It’s a nifty little utility that will list every daemon, launch agent, kernel extension and plugin running on your system, as well as some other insightful information. It’s like having a Apple Genius living inside your Mac. The app really does nothing you can’t do with the Terminal, but it makes it much easier to read and decipher.

Advice: Building the best graphic design toolbox

There is no perfect set of tools for graphic designers. We’re all unique, we all work in different ways, and budgets always come in to play. I’ve put together a breakdown of major factors when building the best graphic design hardware and software toolbox based on my experience. Consider the following as a guide, rather than a set of absolute rules.
Design Toolbox

Keep it simple

I’ve been a graphic designer for 30 years, using the Macintosh the entire time to produce work for some great clients. I’ve worked for ad agencies large and small, a design firm, printing companies, and I’ve freelanced full and part time. Over the years I’ve learned a few short rules as it pertains to building my design toolbox and getting things done—and it has held true everywhere I’ve worked. Those rules are: keep it simple no matter the cost, don’t get caught up in software trends and gimmicks, buy a little more than you think you need, because you will grow into it. The following is more specific advice for building your design toolbox. (more…)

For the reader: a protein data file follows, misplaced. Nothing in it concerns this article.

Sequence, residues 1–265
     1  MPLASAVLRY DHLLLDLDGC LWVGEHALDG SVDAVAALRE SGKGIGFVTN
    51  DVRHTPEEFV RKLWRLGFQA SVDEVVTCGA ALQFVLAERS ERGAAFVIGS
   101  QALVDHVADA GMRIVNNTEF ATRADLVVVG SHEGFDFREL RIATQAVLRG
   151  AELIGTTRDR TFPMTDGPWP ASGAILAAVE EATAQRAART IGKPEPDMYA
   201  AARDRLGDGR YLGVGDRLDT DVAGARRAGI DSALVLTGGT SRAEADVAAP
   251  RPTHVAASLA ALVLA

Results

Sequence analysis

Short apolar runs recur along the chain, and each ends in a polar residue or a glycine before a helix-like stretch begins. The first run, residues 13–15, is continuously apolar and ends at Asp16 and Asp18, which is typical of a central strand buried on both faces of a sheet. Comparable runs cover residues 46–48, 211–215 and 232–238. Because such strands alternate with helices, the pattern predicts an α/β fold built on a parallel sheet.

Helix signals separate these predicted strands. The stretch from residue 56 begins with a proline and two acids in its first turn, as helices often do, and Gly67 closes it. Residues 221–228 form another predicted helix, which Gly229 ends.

Where are VIP Contacts for Messages and FaceTime?

I’d love to see VIP moved from Mail’s settings to Contacts proper, so that I can make sure the people who are literally “very important” get through more easily, no matter how they choose to communicate with me. And it’d be great if it happened with iOS 9.

As soon as I saw the VIP feature of Mail, I wondered why I was setting it up in Mail instead of Contacts. It makes no sense. If someone is in my VIP list, they’re a VIP in Mail, Messages, and FaceTime, not just Mail.

Rene Ritchie goes into more detail at iMore.